Monday, May 9, 2011

Meatless Monday: Smoky Minestrone with Cheese Tortellini and Parsley Pesto

I love soup. I've often spoken on this blog of my love for Deborah Madison, soup genius, but I will take good soup wherever I can find it. This particular soup I found on Food 52. Food 52 is the new-ish food site created by Amanda Hesser and Merrill Stubbs. When I first explored it, soon after it was created, I was a bit overwhelmed. There were contests to enter, recipes to test, prizes to be won. Not that I am opposed to any of those things--it just seemed a bit more involved than I was prepared for. Now, a year and more later, Food 52 is still all of those things--but it's also a source of really great recipes. All of those recipes that were entered in contests and tested by numerous readers and awarded prizes--they're all there. My explorations have been somewhat limited so far (there are a lot of recipes), but there's no question that this recipe, which was an Editor's Pick, is a winner. I read the recipe and it looked good, but I got even more intrigued as I started reading through the comments and saw one person after another saying, "This is the best soup I've ever had." Of course I had to give it a go.

The original recipe, submitted by WinnieAb, called for bacon to create the smoky flavor. I eliminated the bacon and added a teaspoon of smoked paprika to similar smoky (though not bacon-y) effect. I also used vegetable stock instead of chicken stock. What is lovely about this soup is that it is mostly vegetables . . .

and more vegetables . . .

and yet the soup doesn't taste abstemious in the least, thanks to the cheese tortellini and the lovely dollop of parsley pesto on top.

A few notes: Don't skip the parsley pesto! It adds a nice jolt of flavor to the soup. While I like the idea of hand-chopping pesto in theory, I like the ease of my mini-chopper more. I started with the parsley, then added the garlic, oil, pine nuts and finally cheese. It took just a few minutes and tasted delicious.

This is a generous recipe and makes a good 6-8 bowls. If you think you're not going to eat it all and would like to freeze some of it, then cook the tortellini separately and add as needed. Once the tortellini are in the soup, they continue to suck up broth, so your leftovers will be more stew-like than soup-like. They are still delicious--just perhaps not as photogenic.

I've now made this soup twice since I discovered the recipe just a month or so ago. And all of those comments about how good it is were totally spot on. I'm always hesitant to name something "the best soup ever," but even without that superlative, this is really delicious soup and absolutely worth having in your dinner rotation, whether it's a Meatless Monday or not.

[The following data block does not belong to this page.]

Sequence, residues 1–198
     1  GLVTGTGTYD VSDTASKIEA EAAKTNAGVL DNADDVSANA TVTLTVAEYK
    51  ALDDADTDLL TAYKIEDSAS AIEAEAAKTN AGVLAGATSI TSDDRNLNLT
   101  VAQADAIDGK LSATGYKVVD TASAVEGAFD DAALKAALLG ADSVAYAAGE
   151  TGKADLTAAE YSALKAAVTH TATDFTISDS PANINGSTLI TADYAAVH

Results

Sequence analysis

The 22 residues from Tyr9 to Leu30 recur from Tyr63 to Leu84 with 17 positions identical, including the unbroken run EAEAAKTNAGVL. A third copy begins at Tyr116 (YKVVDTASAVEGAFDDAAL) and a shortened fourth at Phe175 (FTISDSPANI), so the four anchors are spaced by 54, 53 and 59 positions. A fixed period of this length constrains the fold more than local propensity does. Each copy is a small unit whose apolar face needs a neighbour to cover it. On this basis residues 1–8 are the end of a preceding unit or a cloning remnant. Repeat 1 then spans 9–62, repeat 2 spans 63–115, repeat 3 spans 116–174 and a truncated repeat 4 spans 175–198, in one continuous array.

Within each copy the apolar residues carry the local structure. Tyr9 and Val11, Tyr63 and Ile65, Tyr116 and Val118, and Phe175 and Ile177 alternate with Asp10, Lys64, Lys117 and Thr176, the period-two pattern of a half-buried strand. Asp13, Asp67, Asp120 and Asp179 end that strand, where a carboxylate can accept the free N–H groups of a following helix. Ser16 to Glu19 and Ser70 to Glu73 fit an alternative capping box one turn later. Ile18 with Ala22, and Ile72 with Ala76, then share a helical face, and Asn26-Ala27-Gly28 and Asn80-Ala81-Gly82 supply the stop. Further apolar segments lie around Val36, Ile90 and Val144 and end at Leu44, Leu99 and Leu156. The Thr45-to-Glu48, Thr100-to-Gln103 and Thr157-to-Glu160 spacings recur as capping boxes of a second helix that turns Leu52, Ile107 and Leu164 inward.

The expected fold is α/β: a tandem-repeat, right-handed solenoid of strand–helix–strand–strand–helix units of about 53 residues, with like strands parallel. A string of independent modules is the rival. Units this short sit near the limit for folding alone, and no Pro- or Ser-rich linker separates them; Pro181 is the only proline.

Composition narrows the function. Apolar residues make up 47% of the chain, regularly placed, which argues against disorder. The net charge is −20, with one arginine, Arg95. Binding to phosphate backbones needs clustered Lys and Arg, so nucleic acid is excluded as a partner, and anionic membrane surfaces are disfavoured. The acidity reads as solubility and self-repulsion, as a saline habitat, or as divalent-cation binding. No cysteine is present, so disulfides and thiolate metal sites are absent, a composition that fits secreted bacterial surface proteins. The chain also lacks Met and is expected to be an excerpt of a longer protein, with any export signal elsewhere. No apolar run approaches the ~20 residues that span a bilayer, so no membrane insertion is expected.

Smoky Minestrone with Cheese Tortellini and Parsley Pesto

Adapted from WinnieAb's recipe on Food 52

Serves 6-8


  • 3 tablespoons olive oil
  • 1 large onion, peeled and chopped
  • 2 cloves of garlic, minced
  • 1 leek, trimmed and sliced thinly
  • 1 tsp. smoked paprika
  • 3 carrots, peeled and chopped
  • 2 ribs of celery, chopped
  • 1 zucchini, chopped
  • 1 potato, peeled and chopped
  • 1 quart of vegetable stock, homemade or not
  • 1 15 oz. can of cooked chickpeas, preferably organic
  • 1 28 oz. can of peeled San Marzano tomatoes, with juice
  • salt, to taste
  • 1 cup kale or Swiss chard, chopped fine
  • 1 9-ounce package of high quality, all-natural cheese tortellini
  • Grated Parmesan cheese for garnish-- optional but recommended
  1. Heat the olive oil in a large pot over medium heat.
  2. Add the chopped onion, garlic and leek. Cook, stirring occasionally, over medium heat until softened. Add the smoked paprika and cook another few minutes.
  3. Add the chopped carrot, celery, zucchini, potato and stir around for a minute or two.
  4. Add the stock, the chickpeas, and then the tomatoes, crushing them with your hands as you go. (You can also puree them, depending on your feelings about tomato pieces in your soup.) Add a few generous pinches of salt (be judicious if your stock is salted already). Bring the soup to a boil, then reduce the heat to a simmer and cook for 30-40 minutes, until the potatoes are just tender.